The FX series returns for a second season as bright and entertaining as ever. Now with more Billy Porter!
In its first season, Pose was a landmark television series. Featuring countless trans people in front of the camera and behind the scenes, the FX series was unlike anything else on TV. If there was one element that didn’t quite work, it was series creators Ryan Murphy, Brad Falchuk and Steven Canals’ decision to include a white, Trump-in-training subplot about a married man (played by Evan Peters) dipping into the ball world in order to sell a series fronted primarily by unknown actors of colour.
In season two, the training wheels are off and that perspective is no longer required. Peters, his onscreen wife (Kate Mara) and his belligerent boss (James VanDerBeek) are all notably absent as the members of House Evangelista, Ferocity and the new House of Wintour rightfully take their place in the spotlight.
Season two jumps ahead two years to 1990 and is informally organized around two dominant cultural moments: the plague that is the HIV/AIDS epidemic and the ascending popularity of Madonna’s new single, “Vogue.”
The premiere, “Acting Up,” is a great table setter co-written by Murphy, Falchuk, and Canals. Like most of Pose’s episodes, the narrative focus is principally organized around a few characters – in this case, Pray Tell (Billy Porter) and Blanca (Mj Rodriguez). The pair are struggling with the impact of AIDS at both the community and the personal level. In the pre-title sequence, they visit Hart Island, where tuberculosis patients were once kept, and where the bodies felled by AIDS are now being unceremoniously dumped into a mass grave without headstones or markers.
It’s a startling and evocative visual that – between this and the banter with nurse Judy (Sandra Bernhard) about the number of funerals they’ve attended – helps to hammer home how much the disease is ravaging the community. With its lush costuming, sensational balls and catty quips that flow oh-so-eloquently out of Elektra (Dominique Jackson)’s mouth, Pose has always provided exceptional entertainment value; with its renewed focus on weaving queer history into its narrative, however, the show is at the height of its powers.
This first episode introduces both AZT, the early version of the life-saving medication that only rich, white members of the queer community can afford, as well as Act Up!, the community group that organizes protests against religious and political leaders who disseminate false information about the spread of the disease. In one of the strongest visual moments in the four episodes available for review, Blanca, Pray Tell and the rest of the Evangelista family stage a “Die In” during Cardinal O’Connor’s Sunday service. With the prone bodies contrasted by slogans and storming police officers all captured on video by the news cameras, there’s an undeniable “ripped from the headlines” vitality to the sequence.
At times, though, this educational, politically-minded approach to the narrative works at odds with Pose’s more conventional dramatic leanings. The premiere also introduces Angel (Indya Moore)’s second season arc: at Blanca’s insistence, House Evangelista’s most passable female member embarks on a quest to leave behind sex work and become a model. The storyline that follows, however, is overly simplistic, familiar and expedited. Despite Moore’s inherent likability as a performer, there’s very little freshness left to explore in a rags-to-success tale coupled with a side of sexual abuse.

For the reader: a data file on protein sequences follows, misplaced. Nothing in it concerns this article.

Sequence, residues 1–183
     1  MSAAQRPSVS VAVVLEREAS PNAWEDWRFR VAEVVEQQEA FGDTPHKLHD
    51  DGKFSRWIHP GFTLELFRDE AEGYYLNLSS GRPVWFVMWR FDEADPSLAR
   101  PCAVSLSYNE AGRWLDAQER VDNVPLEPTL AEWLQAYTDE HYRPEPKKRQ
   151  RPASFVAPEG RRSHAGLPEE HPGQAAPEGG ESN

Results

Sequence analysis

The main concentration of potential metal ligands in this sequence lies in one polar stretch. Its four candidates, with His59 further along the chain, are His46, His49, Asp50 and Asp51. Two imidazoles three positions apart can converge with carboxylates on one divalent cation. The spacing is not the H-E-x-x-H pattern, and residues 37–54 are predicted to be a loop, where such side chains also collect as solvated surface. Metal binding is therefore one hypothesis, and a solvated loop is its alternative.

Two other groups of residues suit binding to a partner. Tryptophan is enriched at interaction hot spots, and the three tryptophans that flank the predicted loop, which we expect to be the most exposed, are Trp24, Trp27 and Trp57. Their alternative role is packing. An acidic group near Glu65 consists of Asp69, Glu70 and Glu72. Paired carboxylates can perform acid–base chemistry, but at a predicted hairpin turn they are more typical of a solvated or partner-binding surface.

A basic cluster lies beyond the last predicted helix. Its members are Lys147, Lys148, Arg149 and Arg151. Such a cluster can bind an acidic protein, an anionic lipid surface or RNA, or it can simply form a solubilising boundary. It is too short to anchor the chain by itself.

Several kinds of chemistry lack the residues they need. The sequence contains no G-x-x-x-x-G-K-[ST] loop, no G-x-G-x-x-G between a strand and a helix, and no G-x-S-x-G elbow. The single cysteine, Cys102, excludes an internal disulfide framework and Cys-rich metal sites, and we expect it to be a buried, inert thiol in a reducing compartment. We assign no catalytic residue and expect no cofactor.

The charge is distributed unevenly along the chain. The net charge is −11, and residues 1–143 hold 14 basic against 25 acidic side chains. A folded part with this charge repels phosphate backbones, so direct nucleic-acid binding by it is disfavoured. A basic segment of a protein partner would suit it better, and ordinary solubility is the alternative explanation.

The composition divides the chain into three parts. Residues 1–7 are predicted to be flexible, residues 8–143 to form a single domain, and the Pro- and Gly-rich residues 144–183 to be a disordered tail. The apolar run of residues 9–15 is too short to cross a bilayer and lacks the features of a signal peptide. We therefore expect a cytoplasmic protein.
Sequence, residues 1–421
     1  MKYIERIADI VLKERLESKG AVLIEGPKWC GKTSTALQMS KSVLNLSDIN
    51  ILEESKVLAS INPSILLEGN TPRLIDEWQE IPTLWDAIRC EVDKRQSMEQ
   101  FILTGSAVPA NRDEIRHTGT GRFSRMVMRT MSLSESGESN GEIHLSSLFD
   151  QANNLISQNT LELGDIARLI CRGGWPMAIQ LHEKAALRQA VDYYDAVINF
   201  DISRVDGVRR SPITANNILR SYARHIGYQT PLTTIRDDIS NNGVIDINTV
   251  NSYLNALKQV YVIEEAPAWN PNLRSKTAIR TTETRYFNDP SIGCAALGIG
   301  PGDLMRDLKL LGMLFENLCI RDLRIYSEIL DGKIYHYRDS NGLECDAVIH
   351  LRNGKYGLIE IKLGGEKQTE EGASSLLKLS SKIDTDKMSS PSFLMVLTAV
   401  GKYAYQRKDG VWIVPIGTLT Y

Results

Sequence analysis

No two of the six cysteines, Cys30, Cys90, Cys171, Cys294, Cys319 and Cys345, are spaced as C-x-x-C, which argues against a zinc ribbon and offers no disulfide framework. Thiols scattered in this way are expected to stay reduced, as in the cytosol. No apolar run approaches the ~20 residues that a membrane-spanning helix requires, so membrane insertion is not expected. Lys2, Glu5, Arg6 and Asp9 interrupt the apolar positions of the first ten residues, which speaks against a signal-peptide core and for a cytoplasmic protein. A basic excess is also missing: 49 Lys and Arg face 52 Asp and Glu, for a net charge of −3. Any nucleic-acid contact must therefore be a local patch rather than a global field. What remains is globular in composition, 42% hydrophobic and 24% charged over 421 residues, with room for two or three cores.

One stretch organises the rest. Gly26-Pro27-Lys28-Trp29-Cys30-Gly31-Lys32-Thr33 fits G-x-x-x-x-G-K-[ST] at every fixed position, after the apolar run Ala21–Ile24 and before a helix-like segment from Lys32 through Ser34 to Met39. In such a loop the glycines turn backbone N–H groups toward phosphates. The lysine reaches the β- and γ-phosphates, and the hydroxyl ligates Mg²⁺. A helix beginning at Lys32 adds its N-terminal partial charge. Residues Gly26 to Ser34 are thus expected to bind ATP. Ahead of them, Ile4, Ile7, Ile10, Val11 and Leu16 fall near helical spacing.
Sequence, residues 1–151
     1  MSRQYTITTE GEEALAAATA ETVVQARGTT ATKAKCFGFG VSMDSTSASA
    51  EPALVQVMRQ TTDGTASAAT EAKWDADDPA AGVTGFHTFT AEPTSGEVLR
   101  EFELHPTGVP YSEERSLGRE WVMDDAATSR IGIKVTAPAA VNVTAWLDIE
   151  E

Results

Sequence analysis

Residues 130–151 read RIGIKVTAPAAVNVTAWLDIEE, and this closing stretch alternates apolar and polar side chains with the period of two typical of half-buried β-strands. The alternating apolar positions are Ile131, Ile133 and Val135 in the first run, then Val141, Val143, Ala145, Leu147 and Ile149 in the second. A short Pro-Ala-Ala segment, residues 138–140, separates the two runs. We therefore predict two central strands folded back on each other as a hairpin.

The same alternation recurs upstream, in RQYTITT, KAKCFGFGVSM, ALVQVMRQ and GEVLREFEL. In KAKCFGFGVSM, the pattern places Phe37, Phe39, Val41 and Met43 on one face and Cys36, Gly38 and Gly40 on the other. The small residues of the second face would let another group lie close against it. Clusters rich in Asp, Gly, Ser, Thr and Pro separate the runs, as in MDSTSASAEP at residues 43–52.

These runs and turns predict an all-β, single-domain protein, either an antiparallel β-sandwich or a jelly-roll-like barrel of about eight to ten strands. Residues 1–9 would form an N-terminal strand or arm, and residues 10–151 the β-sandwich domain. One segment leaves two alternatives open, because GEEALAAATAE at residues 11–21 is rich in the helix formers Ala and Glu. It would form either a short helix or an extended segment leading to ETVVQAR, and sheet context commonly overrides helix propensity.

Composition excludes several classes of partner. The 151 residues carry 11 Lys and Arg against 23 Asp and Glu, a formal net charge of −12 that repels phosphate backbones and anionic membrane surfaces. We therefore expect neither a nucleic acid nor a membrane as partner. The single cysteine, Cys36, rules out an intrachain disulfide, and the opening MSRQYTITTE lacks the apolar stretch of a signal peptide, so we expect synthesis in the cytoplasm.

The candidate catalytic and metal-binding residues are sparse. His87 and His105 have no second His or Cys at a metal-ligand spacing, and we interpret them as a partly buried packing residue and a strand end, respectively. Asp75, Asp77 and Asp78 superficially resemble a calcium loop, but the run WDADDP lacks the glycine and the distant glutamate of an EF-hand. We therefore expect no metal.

Still, the pervasive optimistic belief that the world is on the cusp of change thanks to the increased attention on the community as a result of Madonna’s hit song is fascinating narrative territory to mine. In addition to Angel’s modelling, Damon (Ryan Jamaal Swain)’s teaching Voguing classes, Ricky (Dyllon Burnside)’s touring as a back-up dancer and Blanca opts to leave behind the safety of her job to open her own nail salon. In one of the show’s best pieces of stunt-casting, Patti LuPone recurs as the real-estate developer who unwillingly rents the space to Blanca and the anticipation of an epic showdown between them later in the season is drool-worthy.
If there is a pervasive element that distinguishes Pose, it is this focus on hope and family in the face of adversity. Blanca and Pray Tell deliver no shortage of inspirational speeches – at the dinner table, at the ball pulpit, and yes, at the funeral home – and while there is always an acknowledgment that as queers, as blacks, as trans, as poor and vulnerable, the deck is always stacked against them, there is also no shortage of belief in the future. Blanca believes that ‘Vogue’ will usher in a new dawn and nurse Judy believes that AZT has the potential to keep them alive long enough for a more effective treatment; despite how deluded they are about the invincibility of youth, Angel, Donald and Lil Papi (Angel Bismark Curiel) are unwilling to relinquish their grip on their dreams. Even caustic Elektra, with her petty rivalries and lack of tact, comes together in times of need, desperation, and death to lean on family.
It is inspiring and, yes, occasionally even emotionally manipulative, but that hardly matters.
Of the four episodes, the first and fourth are highlights. The third, which focuses primarily on an ill-fated romance inside House Evangelista and answers the question of where Elektra’s sudden wealth comes from, is easily the weakest. Still, the increased screen time allocated to Billy Porter (simply divine), the elimination of unnecessary white subplots, and the increased focus on politically relevant discussions of AIDS and trans rights all help to overcome the occasional dip in storytelling.
Bottom line: if the category is “Ground-Breaking Television,” then the winner – with 10s across the board – is undoubtedly Pose.
Pose premieres tonight on FX, and struts the ball floor Tuesdays at 10pm EST.